Slips at the recreational pier and showers at the harbor master’s office are possible if Wiscasset seeks a grant and is willing to chip in, the waterfront committee told selectmen and the budget committee March 22. A preliminary report from the waterfront committee recommends seeking a Maine Department of Transportation small harbor improvement program grant; the report estimates the project would take a one-time, $174,250 local match and $10,000 a year in labor to collect fees on and maintain the new features.
Budget committee member Tom Joyce predicted they would “at a minimum” take two full-time workers. “I don’t think you could do it without that,” based on his experience at marinas, he said. When the dock is open, the town needs to help anyone unfamiliar with the pump-out, and field radio calls seeking slips, Joyce said.
Most slips would be long-term, not transient, rentals, so town labor would be low, waterfront committee member David Gagnon said. “There’s nothing else for anybody else to do ... It’s (the renter’s) slip.”
The harbor master would run the transient slips, like he does now for tie-ups, waterfront committee member Dick Forrest added. And the possible transient ones might be rented long-term instead, he said.
“So we’re not trying to attract visitors to town (with this),” budget committee member William Maloney asked.
“We think it will attract people,” Waterfront Committee Chair Susan Robson said.
“But you’re saying ... it’s mostly for locals,” he said.
“That’s our thinking; however, I think it’s going to depend on what the final decisions are, and the season, even,” she said. If the slips rent well, the town could add more spaces, Gagnon said. Selectman Kim Andersson said the proposed growth is conservative, which is smart, she said. “Let it develop organically.”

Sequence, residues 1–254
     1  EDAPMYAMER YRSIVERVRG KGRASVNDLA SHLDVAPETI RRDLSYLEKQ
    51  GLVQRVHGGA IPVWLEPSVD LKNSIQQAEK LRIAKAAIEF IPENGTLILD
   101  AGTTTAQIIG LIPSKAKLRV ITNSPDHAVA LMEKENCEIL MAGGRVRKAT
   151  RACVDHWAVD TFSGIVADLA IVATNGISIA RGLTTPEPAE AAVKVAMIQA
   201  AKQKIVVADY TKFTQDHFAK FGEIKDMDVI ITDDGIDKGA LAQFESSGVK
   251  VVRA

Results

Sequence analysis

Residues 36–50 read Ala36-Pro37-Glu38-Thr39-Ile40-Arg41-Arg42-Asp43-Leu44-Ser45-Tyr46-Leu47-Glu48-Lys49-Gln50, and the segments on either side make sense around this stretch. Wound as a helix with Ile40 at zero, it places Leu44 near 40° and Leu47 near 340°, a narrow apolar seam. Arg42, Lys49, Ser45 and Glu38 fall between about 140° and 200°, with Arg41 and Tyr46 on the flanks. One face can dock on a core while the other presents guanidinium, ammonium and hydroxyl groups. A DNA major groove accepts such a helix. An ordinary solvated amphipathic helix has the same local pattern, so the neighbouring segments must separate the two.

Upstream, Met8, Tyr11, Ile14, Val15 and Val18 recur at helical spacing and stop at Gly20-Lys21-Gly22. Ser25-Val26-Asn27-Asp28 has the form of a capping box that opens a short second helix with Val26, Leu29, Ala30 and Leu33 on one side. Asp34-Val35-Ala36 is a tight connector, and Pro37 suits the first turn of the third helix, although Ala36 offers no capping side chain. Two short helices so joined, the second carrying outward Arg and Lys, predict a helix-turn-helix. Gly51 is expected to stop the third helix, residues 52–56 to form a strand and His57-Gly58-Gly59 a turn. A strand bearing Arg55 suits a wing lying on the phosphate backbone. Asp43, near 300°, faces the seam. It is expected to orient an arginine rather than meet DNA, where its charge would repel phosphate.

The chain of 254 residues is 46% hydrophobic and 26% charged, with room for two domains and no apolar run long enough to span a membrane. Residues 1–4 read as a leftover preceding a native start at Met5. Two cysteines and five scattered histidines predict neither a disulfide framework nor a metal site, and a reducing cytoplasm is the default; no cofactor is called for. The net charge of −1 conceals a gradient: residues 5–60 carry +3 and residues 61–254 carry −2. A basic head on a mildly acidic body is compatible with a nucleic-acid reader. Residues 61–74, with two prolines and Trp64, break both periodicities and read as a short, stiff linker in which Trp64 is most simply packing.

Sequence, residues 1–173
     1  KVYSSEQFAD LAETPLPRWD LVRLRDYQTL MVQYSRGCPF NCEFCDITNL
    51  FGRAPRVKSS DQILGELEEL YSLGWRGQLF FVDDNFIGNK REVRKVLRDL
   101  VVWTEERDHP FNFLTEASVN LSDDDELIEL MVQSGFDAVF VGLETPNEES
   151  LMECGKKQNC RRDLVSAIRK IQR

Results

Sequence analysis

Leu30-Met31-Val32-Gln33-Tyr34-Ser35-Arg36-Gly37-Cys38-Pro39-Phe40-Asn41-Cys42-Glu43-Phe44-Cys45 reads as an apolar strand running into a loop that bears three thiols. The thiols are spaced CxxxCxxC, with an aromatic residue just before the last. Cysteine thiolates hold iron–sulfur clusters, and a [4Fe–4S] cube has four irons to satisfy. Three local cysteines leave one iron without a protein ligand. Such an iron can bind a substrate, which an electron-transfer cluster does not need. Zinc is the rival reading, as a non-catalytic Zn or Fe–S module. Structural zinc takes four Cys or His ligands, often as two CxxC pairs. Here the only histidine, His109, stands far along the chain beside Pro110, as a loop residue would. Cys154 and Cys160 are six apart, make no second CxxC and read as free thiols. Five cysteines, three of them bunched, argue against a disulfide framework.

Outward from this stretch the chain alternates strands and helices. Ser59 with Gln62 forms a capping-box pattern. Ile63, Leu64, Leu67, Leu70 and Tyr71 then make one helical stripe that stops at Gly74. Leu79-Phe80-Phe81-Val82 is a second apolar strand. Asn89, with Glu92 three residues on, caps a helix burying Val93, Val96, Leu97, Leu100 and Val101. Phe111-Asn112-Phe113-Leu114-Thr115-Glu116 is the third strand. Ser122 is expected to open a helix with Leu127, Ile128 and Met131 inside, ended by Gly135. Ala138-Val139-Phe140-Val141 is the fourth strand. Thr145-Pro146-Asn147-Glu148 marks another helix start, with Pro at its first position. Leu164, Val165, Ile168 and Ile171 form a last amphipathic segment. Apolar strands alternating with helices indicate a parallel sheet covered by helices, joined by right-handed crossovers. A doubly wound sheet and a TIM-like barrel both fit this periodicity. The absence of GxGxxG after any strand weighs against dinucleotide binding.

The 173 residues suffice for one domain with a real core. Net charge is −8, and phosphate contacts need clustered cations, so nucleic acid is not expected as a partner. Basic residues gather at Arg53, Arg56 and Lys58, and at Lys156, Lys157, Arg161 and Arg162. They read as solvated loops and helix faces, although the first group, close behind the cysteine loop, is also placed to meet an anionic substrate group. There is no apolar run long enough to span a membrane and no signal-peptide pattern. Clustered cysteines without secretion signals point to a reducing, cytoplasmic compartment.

Lincoln County Regional Planning Commission worked with the waterfront committee on the report. LCRPC’s Emily Rabbe said the plan was to serve the town’s recreational boaters; and, at least at first, she does not expect a lot of people to travel 12 miles from open water to come here, she said.
Rabbe said the preliminary report’s aim was to ask to seek the grant and consider setting aside the local match. “So not every operational decision has been made. This is more of just a theoretical understanding of what could potentially happen.”
Robson concurred in email responses to questions from Wiscasset Newspaper March 27. “This report ... should not be viewed as a comprehensive cost-benefit analysis. It is a necessary stepping stone for funding, required by grantors. As we move ahead, more will evolve. Very exciting,” she added.
Based on Midcoast marinas’ fees, a state directive for reasonable fees and the recreational pier’s distance to open water, the preliminary report estimated possible yearly revenue from the project at about $30,753 to $33,507.
The town’s possible grant match was part of $1,898,500 in possible capital reserve spending selectmen and the budget committee reviewed March 22 to consider taking to voters in June, including $235,000 for an ambulance and $170,000 in roof work and paving at Wiscasset Community Center.
Simmons told the panels, if the school department budget is flat, Wiscasset for 2022-23 would need about $9.5 million in property taxes, $385,000 more than last year. But he expected enough of a fund balance for him to be comfortable with the board tapping enough to keep the tax rate flat.
In a March 28 email response to questions, Simmons said: “At the end of last year we added about $600,000 to the fund balance so we have a fund balance of about $1.3 million, unaudited so this could change. This is much improved over the $131,826 we had at the end of FY ’19. It is not where we should be but I would be comfortable in using any budget surplus from this year to offset a tax increase. I would be leery of taking additional funds beyond that.”
Simmons also said budget numbers are changing since his March 22 statement. “It was correct at the time but I have made some changes, like shifting some full-time positions around and at the request of the selectboard added money for an economic development position.”
Talks were set to resume March 29.